Vista Error 10107: A system call that should never fail has failed

So I had a user that booted up their Windows Vista system this morning and found that they could not get connected to the network. When I popped over I found that it was displaying an error message in a balloon from the system tray saying:

Failed to connect to a windows service.
Windows could not connect to the System Event Notification Service service. This problem prevents limited users from logging on to the system. As an administrative user, you can review the System Event Log for details about why the service didn’t respond.

Then when I looked at the Services on the machine a number had stopped working. When I tried restarting then I got the following error message: “Vista Error 10107: A system call that should never fail has failed”

At this point I looked around the Internet and found an answer. It would appear that its a Corrupt TCP/IP Winsock Catalog. The method for trying to fix this is:

  1. Start the PC in Safemode.
  2. Open and CMD prompt (press the Windows Key+R).
  3. In the CMD prompt type netsh winsock reset and press enter.
  4. Restart the computer.

This will reset the Winsock Catalog to either a clean slate or a previous configuration. It will remove all Winsock LSP (Layered Service Providers) previously installed, including any malfunctioning ones.

To check the LSP’s installed on your Vista system, use netsh winsock show catalog command.

 

Giving Vista & Win7 the ability to access Xserve

I had the need the other day to make a desktop running Windows XP connect to an Apple Server for a user.  I setup a user on the OSX Server and then tried to connect to this machine from my Laptop to make sure that the account was working before I went over and tried to show the user and looked silly when it didn’t work. I found that my Laptop running Windows 7 would not work. Okay so off to Google and see what I can find. It appears that Vista & Win7 both have a different set of rights that stop the ability to set a Mapped drive to the Apple Server, LAN Manager Authentication:  Vista & Win7 defaults to “Send NTLMv2 response only”.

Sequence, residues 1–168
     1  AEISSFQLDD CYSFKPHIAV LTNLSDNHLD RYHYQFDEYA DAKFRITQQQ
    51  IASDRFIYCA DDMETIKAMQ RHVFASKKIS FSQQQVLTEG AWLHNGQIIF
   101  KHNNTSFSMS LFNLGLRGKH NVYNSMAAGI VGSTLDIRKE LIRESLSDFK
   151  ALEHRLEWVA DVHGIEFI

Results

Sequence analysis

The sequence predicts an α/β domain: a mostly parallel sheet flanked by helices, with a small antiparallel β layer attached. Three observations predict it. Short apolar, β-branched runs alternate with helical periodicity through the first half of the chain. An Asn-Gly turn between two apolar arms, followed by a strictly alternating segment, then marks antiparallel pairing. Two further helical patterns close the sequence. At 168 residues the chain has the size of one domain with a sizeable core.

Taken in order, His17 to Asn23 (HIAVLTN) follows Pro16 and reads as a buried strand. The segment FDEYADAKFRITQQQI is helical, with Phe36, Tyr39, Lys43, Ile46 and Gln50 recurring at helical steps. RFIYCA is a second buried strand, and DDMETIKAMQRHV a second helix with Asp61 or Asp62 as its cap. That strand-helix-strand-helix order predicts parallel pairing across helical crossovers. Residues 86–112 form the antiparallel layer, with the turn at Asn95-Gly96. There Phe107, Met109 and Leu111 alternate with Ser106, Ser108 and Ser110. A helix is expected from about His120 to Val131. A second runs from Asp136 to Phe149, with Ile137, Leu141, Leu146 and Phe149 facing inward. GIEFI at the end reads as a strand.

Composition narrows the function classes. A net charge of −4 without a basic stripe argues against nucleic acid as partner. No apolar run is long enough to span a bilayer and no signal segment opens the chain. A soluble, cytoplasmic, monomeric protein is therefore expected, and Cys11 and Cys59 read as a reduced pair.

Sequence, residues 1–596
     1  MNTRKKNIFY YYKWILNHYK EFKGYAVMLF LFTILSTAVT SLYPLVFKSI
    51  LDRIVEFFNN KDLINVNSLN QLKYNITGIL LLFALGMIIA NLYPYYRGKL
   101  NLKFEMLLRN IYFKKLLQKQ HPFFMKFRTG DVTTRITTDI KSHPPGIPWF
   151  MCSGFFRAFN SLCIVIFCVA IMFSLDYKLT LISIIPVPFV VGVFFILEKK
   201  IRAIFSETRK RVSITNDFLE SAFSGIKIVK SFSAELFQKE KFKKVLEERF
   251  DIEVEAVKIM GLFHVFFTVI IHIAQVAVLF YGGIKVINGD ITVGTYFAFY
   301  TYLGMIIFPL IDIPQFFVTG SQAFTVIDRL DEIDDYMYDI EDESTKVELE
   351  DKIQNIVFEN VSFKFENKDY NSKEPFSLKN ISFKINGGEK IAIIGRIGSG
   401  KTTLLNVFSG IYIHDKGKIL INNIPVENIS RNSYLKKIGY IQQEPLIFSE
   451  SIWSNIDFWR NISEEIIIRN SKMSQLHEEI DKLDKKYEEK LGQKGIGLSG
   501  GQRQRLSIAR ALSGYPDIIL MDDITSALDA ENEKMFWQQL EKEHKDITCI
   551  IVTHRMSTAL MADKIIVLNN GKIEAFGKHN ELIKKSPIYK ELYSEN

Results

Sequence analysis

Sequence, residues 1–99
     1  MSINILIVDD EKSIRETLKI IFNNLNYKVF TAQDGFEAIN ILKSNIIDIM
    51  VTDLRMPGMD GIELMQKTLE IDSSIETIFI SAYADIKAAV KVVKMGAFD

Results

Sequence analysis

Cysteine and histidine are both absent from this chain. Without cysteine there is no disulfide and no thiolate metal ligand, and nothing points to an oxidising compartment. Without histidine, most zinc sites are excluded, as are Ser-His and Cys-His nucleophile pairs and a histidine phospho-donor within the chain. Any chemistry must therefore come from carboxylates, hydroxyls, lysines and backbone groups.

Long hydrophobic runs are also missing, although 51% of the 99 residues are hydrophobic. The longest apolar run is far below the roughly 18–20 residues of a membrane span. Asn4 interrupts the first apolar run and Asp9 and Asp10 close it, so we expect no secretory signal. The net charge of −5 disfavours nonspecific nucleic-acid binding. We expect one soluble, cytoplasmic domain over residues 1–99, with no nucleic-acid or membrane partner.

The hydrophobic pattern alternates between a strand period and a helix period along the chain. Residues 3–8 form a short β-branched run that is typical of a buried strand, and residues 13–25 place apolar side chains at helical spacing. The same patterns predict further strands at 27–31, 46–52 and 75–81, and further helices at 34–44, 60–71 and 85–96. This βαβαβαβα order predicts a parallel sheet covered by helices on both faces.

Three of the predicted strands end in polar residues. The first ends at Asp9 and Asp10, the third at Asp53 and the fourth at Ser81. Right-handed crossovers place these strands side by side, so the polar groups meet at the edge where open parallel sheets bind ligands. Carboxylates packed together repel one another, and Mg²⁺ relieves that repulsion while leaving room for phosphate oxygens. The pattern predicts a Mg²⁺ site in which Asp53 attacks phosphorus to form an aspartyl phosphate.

Here is what is needed to make it work:

Run secpol.msc

Go to: Local Policies –> Security Options

Find “Network Security: LAN Manager authentication level”

Change Setting from “Send NTLMv2 response only” to “Send LM & NTLM – use NTLMv2 session security if negotiated”

Needless to say, I got a connection and proved it worked, so was able to head over to the user and show them how to MAP a drive.

Installing Windows 7 on my HP HDX X16-1005EA Premium Notebook PC

image So I bought this Notebook back in Feb-2009 with Vista on it. It’s been a great little machine. Not too small or either too big, since most Notebook/Laptop bags seem to have been designed for 17” machines.  Anyway I thought it was time to load Windows 7 on it. So I purchased a copy of Home Premium with the intention of loading the 64-bit version. Next I thought, let’s head to HP’s website and see what drivers, if any, they have for my Notebook and Windows 7. Well, HP and really on the ball. They’ve got a whole section with download’s for Windows 7 for my Notebook.

so about 1 hour passed and I had all my drivers and software updates needed from HP for my Notebook for Windows 7. Next I had to backup any files I had. This was easy as I already had an Iomega 250GB external HDD which I connect via USB 2.0.  At this point though I was not sure that Win7 would be able to read my Vista backups. So I just simply did Folder copies from my Notebook across to the USB drive.

Now I was ready to install Windows 7.  I inserted the Windows 7 DVD and booted up my Notebook. At the BIOS screen I made sure that I booted from the DVD Rom and not the HDD and started the installation.  Once into the configure screen I deleted the old partition and did a clean install onto the fresh disk. After about 50mins it was all installed and the system rebooted.

Once I had logged in and I then went about installing the HP drivers that I had previously downloaded. These went on without really too much of a fuss. The only thing that you have to remember is that some of the applications are going to need a reboot after they’ve been installed. I only had to reboot my Notebook about 3 or 4 times in total so not too bad. Everything works great, except the HP Assistant. I’ve still had issues making this work, but it’s not a big issue as I can check the HP website for updates manually.

My Windows Experience Index (WEI) scores are as follows: